Cuckooing is a form of crime in which drug dealers take over the home of a vulnerable person in order to use it as a base for drug dealing, storing firearms,and other criminal activity. The crime is named for the Cuckoo's practice of taking over other birds' nest for its young. 

In Greater Manchester we recognise that the criminal exploitation of children and vulnerable adults is not only in relation to drugs but can include other forms of criminal activity, such as arson, violent offences, storing firearms and holding money, amongst other forms of criminality. 

Cuckooing is a form of criminal exploitation. The criminals are very selective about who they target as 'cuckoo' victims and are often entrepreneurial. Victims of 'cuckooing' are often drug users, but can include older people, those suffering from mental or physical health problems, female sex workers, single mums and those living in poverty. Victims may suffer from other forms of addiction, such as alcoholism and are often known to the police.  

Criminals use a range of methods to gain people's trust, often befriending someone and and providing them with drugs or alcohol to use their house or flat.   Sometimes, it can be difficult for people to see they are being exploited and they may believe they are just helping out a friend.  However, it can be difficult to stop criminals using their home, and violence and intimidation can be used against them if they try to get out.

It is common for gangs to have access to several addresses. They can move quickly between people's homes for just a few hours, a couple of days or sometimes longer. This helps the gangs evade detection. By cuckooing, the criminals can operate from a discreet property, which is out of sight and not associated with them, making it an attractive option. They can use the premises to deal and manufacture drugs, store weapons or stolen goods, in an environment under the police radar.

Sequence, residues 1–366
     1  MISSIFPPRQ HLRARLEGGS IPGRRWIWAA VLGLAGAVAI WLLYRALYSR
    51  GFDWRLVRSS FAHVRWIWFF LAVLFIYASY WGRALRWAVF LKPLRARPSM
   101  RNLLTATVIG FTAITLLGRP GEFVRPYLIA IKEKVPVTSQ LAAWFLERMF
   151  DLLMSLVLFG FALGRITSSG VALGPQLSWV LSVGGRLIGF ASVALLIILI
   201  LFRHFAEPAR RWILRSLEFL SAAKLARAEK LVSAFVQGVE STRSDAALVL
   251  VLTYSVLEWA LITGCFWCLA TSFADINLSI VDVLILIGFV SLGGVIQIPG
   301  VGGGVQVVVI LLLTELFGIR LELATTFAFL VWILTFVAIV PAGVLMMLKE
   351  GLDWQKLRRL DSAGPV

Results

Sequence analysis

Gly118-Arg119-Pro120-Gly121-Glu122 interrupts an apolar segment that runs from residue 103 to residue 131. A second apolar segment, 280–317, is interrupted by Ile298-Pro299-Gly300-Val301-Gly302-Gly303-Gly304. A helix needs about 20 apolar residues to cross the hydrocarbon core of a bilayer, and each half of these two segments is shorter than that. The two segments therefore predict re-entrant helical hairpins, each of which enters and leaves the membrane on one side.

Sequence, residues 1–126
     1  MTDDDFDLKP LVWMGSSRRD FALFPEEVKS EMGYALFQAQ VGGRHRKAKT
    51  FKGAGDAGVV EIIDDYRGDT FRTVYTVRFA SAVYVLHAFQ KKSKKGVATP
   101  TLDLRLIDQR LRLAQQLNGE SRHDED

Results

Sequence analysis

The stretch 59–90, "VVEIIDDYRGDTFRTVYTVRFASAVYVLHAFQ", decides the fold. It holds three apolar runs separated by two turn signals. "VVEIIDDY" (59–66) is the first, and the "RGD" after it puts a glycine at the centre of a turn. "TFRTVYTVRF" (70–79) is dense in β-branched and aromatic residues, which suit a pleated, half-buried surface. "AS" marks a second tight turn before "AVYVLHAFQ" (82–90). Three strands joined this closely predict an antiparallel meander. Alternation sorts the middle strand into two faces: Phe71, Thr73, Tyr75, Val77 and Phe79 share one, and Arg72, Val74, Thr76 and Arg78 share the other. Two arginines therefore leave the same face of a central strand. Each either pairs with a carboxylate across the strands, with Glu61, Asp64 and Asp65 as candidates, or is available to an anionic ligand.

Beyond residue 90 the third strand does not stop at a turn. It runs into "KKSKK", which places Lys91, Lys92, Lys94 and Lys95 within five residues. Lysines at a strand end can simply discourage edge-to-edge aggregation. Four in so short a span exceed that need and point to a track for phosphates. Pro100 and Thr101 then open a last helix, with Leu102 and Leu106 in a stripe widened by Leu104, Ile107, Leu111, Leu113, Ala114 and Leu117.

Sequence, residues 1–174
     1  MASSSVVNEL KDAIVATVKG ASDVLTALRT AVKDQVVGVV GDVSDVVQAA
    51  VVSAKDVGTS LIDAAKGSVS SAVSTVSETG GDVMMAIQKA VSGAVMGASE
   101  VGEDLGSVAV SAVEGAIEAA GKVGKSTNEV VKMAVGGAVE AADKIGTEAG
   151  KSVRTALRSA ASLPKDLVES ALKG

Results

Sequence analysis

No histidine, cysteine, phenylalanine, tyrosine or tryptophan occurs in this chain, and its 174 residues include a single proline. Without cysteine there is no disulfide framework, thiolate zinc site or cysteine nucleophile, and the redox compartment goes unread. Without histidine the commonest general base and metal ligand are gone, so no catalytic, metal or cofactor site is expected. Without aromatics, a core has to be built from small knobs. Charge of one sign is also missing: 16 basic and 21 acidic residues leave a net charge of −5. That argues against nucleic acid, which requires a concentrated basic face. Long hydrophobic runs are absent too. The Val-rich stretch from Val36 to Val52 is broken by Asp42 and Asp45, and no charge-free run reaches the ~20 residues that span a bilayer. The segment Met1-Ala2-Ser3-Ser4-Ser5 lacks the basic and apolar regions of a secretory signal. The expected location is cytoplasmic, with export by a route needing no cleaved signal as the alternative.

Drug dealers/organised drug gangs and other criminals do not care about who they are exploiting.  Support is available if it is needed.  Help keep your community safe, because everyone has the right to feel safe in their own home.  

Please see our Trapped video

Spot the signs in your neighbourhood

  • usually takes place in a multi-occupancy or social housing property
  • an increase in number of comings and goings /people entering and leaving at all times of the day and night 
  • increase in cars or bikes outside - offenders will often have new vehicles outside the property, or frequently use taxis or hire cars
  • possible increase in anti-social behaviour in and around the property
  • increase in litter outside
  • disengagement with support services/healthcare services
  • the property may appear almost sparse of valuable possessions inside and go into a state of disrepair
  • signs of drug use and open drug dealing

What to do if you suspect cuckooing

  • If you think you have spotted a drugs cuckoo or if you are concerned about a drug related crime please call the police on 101 or in an emergency call 999
  • If you don't want to speak to the police directly, contact Crimestoppers anonymously on 0800 555 111or use the online form
  • Contact Modern Slavery Helpline on 08000 121 700 or use their online form 
  • Manchester Safeguarding Board have a tool that you can use to report any concerns, you can also contact them on 0161 234 5001 24hrs a day
  • Salford Adult Safeguarding Board  have produced a seven minute briefing on cuckooing, with information on reporting and referrals

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